Toronto Foundation has just released Vital Signs Report 2019: Growing Pains and Narrow Gains. This report provides a consolidated snapshot of the trends and issues affecting the quality of life in our city and each of the interconnected issue areas is critical to the wellbeing of Toronto and its residents.
Vital Signs examines ten issue areas. We are going to explore highlights of each of these sections. Issue Six is Getting Around.
Major transit investments are both proposed and under development, but they will take up to a decade or more to complete. The TTC remains proportionally one of the least subsidized transit systems, while many people with a low income in Toronto continue to face decreased access and the ability to afford transit.
- Toronto has the longest commutes of any major city in the country, and possibly North America, with public transit users having most of the most extreme commutes.
- Toronto has the highest public transit ridership and commuter share in North America.
- Transit costs have been growing at twice the rate of inflation for the last 20 years, a significant challenge for the low-income families who disproportionately rely on it to get around.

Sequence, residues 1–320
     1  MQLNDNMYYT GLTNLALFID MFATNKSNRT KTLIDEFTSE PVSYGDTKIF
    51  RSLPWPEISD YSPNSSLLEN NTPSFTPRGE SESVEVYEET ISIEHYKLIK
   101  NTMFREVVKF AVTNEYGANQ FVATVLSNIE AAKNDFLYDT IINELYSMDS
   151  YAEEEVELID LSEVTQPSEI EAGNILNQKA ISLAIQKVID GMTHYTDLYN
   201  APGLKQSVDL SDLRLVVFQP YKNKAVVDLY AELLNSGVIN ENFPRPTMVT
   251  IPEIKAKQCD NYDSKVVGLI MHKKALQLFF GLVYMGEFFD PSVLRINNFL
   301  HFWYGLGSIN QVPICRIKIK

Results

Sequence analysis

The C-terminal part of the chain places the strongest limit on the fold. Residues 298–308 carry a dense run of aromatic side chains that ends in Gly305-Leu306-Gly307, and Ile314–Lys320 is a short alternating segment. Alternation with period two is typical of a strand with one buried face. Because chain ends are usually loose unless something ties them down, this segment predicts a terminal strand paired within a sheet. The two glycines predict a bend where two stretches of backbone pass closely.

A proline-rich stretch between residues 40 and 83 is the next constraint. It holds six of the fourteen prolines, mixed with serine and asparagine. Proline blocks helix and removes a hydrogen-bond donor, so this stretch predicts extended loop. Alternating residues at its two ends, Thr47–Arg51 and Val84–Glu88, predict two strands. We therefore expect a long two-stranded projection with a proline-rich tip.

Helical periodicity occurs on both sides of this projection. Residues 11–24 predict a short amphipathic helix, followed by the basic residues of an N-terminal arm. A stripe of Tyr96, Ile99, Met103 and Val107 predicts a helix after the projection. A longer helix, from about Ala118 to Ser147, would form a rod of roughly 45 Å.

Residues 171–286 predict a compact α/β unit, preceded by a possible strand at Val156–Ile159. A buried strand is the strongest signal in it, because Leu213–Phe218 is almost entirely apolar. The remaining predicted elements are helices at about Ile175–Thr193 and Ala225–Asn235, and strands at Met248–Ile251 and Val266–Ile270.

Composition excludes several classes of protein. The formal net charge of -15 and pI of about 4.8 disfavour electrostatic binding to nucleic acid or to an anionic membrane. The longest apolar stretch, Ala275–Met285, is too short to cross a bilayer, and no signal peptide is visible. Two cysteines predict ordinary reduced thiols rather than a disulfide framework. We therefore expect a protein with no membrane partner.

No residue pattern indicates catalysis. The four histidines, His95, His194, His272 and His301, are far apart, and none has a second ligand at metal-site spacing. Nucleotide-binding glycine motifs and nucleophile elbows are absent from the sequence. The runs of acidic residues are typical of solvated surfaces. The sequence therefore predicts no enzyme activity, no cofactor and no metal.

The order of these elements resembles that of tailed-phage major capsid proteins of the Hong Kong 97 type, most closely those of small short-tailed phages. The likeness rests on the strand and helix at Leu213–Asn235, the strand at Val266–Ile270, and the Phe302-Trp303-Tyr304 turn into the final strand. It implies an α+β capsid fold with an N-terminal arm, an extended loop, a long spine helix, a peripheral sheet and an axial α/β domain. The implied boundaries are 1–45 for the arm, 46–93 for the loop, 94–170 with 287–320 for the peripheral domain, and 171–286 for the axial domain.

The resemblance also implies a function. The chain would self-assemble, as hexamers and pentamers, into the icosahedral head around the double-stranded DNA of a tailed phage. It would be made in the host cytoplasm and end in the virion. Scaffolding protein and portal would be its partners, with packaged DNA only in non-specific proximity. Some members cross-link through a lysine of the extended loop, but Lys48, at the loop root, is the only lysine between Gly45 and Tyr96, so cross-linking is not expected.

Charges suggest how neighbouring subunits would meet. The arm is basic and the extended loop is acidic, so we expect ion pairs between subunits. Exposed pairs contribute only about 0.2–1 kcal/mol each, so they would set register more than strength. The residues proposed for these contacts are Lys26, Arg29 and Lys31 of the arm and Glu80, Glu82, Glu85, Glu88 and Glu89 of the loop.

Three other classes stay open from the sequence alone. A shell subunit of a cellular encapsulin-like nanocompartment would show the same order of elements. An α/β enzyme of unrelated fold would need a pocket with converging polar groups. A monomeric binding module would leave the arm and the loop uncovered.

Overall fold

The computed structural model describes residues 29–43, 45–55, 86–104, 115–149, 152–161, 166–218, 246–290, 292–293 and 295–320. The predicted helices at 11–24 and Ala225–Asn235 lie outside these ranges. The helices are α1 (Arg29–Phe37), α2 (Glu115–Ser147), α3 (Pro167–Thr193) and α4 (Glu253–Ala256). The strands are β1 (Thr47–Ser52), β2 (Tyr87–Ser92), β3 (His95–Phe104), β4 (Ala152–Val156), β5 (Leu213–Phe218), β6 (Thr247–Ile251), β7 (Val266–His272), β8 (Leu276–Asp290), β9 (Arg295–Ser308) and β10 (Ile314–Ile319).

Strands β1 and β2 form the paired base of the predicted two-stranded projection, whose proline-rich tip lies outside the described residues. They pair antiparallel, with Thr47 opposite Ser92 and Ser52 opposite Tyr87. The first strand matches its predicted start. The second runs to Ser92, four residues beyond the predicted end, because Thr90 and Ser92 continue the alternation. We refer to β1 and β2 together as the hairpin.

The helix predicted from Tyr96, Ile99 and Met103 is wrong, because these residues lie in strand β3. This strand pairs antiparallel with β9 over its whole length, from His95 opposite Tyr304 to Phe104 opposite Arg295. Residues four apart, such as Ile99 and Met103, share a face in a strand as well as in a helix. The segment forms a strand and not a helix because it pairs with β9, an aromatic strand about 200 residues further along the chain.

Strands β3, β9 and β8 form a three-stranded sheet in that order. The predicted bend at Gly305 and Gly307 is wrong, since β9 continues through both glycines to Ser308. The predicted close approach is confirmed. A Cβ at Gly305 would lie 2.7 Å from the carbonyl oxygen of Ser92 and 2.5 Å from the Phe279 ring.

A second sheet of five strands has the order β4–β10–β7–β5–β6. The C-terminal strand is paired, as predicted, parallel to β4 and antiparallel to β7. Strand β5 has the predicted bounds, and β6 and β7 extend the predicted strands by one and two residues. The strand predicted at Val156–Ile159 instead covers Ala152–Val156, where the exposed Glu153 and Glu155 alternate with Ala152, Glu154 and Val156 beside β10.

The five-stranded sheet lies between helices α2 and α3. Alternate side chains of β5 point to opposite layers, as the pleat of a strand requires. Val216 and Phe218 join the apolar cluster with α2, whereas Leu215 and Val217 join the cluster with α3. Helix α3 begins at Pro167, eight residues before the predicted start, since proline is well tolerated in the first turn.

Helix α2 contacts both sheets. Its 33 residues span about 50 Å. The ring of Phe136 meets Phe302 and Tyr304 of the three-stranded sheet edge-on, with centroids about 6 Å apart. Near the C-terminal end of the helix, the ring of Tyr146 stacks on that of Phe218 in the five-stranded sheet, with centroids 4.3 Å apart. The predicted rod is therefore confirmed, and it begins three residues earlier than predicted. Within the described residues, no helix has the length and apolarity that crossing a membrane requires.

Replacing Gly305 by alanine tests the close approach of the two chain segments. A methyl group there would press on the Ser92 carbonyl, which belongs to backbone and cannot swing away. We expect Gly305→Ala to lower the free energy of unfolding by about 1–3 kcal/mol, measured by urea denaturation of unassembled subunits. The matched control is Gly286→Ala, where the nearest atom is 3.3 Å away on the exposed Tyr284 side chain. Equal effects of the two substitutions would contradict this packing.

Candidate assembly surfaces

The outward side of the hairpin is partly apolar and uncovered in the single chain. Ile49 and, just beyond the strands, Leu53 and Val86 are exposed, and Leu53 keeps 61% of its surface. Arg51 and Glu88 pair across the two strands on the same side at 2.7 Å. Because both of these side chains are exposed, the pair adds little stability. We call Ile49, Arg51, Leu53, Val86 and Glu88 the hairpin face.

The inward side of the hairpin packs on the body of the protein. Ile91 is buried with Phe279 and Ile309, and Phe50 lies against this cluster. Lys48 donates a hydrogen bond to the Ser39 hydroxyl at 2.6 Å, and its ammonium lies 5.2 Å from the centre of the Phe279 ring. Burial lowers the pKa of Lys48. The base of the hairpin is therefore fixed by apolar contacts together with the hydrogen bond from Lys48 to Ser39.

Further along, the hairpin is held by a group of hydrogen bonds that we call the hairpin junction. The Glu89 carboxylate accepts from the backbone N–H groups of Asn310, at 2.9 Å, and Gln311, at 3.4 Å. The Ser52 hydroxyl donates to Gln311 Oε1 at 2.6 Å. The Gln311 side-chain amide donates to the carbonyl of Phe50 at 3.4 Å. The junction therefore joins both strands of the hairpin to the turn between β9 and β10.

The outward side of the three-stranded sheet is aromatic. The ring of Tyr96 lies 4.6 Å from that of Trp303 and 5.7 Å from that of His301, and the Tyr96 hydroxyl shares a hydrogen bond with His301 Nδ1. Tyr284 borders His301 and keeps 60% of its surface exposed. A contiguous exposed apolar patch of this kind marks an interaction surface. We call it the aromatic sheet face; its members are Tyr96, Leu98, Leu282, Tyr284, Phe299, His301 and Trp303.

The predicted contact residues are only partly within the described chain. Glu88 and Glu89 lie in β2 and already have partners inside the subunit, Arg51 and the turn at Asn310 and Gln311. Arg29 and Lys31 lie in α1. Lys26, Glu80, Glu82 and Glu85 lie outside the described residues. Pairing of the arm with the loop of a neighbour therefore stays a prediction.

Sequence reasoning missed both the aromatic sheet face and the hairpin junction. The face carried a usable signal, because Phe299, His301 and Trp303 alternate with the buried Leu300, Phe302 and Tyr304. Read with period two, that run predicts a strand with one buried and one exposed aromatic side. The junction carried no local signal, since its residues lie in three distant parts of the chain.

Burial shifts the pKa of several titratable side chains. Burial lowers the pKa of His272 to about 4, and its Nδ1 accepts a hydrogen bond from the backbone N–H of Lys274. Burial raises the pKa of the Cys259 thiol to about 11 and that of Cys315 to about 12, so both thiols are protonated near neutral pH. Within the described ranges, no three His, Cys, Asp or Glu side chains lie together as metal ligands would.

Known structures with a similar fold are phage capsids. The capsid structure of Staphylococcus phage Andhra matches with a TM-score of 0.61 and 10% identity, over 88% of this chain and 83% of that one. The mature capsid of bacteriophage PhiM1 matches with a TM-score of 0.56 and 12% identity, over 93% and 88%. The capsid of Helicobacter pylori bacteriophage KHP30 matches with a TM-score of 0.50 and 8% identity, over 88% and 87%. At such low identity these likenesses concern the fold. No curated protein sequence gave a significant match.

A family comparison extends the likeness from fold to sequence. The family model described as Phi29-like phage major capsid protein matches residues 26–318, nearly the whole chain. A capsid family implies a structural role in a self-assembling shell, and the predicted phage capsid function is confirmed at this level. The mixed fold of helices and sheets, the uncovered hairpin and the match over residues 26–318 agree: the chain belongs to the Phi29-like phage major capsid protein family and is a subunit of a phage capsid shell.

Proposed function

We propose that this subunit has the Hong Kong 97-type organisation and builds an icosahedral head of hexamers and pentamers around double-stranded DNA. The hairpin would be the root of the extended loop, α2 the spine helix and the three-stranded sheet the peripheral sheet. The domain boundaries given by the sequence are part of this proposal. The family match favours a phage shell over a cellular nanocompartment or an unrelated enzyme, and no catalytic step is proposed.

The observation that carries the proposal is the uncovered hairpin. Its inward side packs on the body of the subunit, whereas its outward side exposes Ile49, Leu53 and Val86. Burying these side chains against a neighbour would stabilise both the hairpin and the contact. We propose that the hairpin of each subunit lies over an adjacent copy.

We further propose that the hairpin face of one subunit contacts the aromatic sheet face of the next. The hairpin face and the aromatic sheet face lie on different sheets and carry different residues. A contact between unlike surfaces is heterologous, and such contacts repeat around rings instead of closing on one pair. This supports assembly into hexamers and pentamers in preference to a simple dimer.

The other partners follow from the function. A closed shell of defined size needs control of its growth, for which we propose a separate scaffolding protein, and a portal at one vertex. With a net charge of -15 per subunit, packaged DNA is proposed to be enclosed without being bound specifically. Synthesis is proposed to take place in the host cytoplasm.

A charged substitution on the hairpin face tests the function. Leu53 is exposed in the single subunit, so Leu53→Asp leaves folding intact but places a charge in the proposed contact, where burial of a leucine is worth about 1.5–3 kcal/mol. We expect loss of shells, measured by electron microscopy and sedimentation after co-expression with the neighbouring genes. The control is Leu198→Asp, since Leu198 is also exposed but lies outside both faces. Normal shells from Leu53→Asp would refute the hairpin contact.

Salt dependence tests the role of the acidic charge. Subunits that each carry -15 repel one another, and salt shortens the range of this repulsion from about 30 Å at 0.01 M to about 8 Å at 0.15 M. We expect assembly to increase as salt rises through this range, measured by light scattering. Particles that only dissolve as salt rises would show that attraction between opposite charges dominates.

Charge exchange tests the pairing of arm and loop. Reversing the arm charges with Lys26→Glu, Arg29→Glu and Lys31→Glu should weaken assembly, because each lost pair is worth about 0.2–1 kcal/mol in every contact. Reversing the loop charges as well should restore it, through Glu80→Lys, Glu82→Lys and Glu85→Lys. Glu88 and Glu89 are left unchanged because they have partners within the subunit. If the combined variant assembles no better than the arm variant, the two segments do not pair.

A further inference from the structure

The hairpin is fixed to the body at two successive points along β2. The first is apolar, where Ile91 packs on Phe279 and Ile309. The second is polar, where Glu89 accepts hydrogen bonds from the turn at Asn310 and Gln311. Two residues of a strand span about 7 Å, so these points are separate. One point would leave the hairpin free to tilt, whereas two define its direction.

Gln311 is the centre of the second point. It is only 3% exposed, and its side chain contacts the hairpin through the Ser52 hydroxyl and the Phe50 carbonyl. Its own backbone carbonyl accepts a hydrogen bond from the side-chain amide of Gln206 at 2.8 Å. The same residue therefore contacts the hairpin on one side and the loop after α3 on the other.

- Toronto has the lowest public subsidies for rides of any major city in North America, and unlike most jurisdictions has no guaranteed revenue streams.
- Recent city initiatives such as two-hour transfers on the TTC and discounted fares for those on welfare and disability have improved transit affordability for some, but discounted fares have yet to be rolled out to other low-income groups.
- Active transportation is growing, with more people walking and cycling to work, but most improvements come from those who work within five kilometres of the city’s core.
CSI members TTCriders is a grassroots transit advocacy organization that gives Torontonians who use the TTC a voice. It emerged as a response to the tens of thousands of transit users who said that they want better transit in Toronto.